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The sentinel of Main Street in Carlyle

Weather vane has been part of Carlyle for decades
Carlyle Weather Vane
The McLeod Service weather vane on Main Street Carlyle.

CARLYLE - Many have methodically driven down Main Street Carlyle for years and have failed to notice the McLeod Service weather vane.  

In fact, the Observer has learned that many of the town’s residents don’t even know about its existence on the corner of Main and East Railway Avenue. With information obtained from Alan McLeod, Frank Faber, Ronald Kyle, and the Prairie Trails to Blacktop Carlyle history book (1882-1982), we wish to enlighten you. 

Norman McLeod, who was born in 1880, travelled from Ontario to Saskatchewan in the early 1900s. In 1912, he and his brother Murdie bought a livery stable, known as McLeod Brothers Livery and Feed Stable. It was located between the present McLeod’s service station and the Biberdorf Brothers blacksmith shop.  

In 1926, McLeod bought and dismantled the Cornett Hotel, which was on the corner of Main and Railway. In 1927, the existing Mcleod’s service station was constructed at its present location. To commemorate the event, McLeod erected a 25-foot high weather vane in the northwest corner of the property.  

The years proudly displayed on the wind arrow are 1867-1927, celebrating the 60-year anniversary of Canada’s confederation.  

Norman and Jessie (nee Turton) were married in 1913 and had one daughter Gretta, and three sons, Alvin, Cameron, and Lorne. Alan McLeod is the son of Lorne and Millicent McLeod, Frank Faber the son of Gretta and Matt Faber. Alvin eventually took over ownership and owned and managed the service station from 1943 to the early 1980s.  

In 1963, Ronald Kyle was hired on by Alvin as a mechanic.  

Also, because no one in town had an auto body business, Alvin and Ron repaired and repainted cars and trucks. In fact, during his first years of employment, Kyle obtained both his journeyman papers in mechanics and auto body repair from the Saskatchewan Technical Institute in Moose Jaw. In 1976, Ron purchased McLeod’s Service from Alvin and has been the owner since that time.  

We caught up with cousins Alan McLeod and Frank Faber at the Carlyle Auto Parts building, located directly north of McLeod’s Service. Incidentally, Alan purchased that auto parts business from Dennis Coulter back in 1992, nearly 30 years ago.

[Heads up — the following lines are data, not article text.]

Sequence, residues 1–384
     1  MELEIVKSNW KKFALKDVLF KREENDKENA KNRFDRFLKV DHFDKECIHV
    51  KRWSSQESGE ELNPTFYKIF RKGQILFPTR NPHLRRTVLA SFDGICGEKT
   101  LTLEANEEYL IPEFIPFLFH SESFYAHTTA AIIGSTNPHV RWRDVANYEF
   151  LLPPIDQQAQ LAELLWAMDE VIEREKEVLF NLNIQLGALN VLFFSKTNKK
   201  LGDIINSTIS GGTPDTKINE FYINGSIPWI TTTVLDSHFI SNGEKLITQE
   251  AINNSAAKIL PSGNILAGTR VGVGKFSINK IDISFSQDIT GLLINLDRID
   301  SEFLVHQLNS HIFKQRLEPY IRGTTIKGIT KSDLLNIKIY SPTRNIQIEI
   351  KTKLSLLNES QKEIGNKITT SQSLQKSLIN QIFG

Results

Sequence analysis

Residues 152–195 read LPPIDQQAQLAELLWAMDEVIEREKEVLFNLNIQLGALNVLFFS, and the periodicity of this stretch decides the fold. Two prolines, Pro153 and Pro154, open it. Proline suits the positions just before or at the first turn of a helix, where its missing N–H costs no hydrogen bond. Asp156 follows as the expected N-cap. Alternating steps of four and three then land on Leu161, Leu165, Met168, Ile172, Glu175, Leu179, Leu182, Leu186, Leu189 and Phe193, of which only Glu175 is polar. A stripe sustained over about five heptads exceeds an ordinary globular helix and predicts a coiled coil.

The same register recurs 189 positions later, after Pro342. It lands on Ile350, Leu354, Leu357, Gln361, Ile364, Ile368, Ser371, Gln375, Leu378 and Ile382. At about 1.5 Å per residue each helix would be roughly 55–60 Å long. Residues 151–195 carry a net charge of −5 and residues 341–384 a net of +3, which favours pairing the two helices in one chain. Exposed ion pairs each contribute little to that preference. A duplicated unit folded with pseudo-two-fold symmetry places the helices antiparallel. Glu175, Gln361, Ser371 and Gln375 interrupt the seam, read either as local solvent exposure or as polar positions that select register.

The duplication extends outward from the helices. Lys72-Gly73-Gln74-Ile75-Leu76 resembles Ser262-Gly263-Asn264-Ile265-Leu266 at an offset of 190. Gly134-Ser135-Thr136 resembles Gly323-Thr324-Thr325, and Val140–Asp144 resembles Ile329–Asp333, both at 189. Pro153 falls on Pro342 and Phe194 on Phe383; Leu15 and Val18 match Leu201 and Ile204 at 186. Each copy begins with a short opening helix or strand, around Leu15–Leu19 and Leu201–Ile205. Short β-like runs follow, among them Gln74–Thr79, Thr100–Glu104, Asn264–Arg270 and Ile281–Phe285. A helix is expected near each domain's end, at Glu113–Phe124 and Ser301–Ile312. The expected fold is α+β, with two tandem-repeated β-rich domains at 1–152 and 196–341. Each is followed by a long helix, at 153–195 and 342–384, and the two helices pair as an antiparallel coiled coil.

While Alan proudly displayed a treasure trove of McLeod picture albums and other mementoes, the history surrounding the 1927 grand opening and weather vane is rather vague.  

Ronald Kyle fondly remembers the “good old days” and has great respect for the McLeod family. “Alvin and I got along very well over the years. He was a great man to work with and a good businessman. When we did auto body work, we didn’t even have a paint booth but still got a good job done.”  

Kyle also wanted to say that Alvin had an American Motors Rambler Dealership during the ‘60s and ‘70s. “Amx Classic, Ambassador, Matador, Javelin, and of course the Rambler, McLeod’s service sold them all.”  

Ron is extremely proud of both the weather vane and the Goodyear Tire Service sign. “I have been offered thousand of dollars for the Goodyear sign but it is not for sale.” Regarding the 94-year-old weather vane, Kyle cannot believe its near perfect condition.  

“That weather vane has given proper wind direction for nearly a century. To my knowledge, it has never been damaged or needed replacing. The ball-bearings are still originals.”   

In its day, both the Union Jack and the Canadian Maple Leaf flags were proudly flown and solemnly lowered during funerals. The pulley is still attached to its mast. Kyle also advised that many visitors to the Town of Carlyle have stopped by over the years to get their picture taken with the weather vane. Kyle added, “It is a great tourist attraction.”  

Despite being 80 years old, Kyle is in great shape and continues to do what he loves, repairing cars and trucks at McLeod’s Service. Unfortunately for everyone else, until he retires, the weather vane is also not for sale. Collectors will just have to be patient until the property is inherited by his family.  

And then, who knows, maybe daughters Rhonda and Lisa will keep it in the family forever.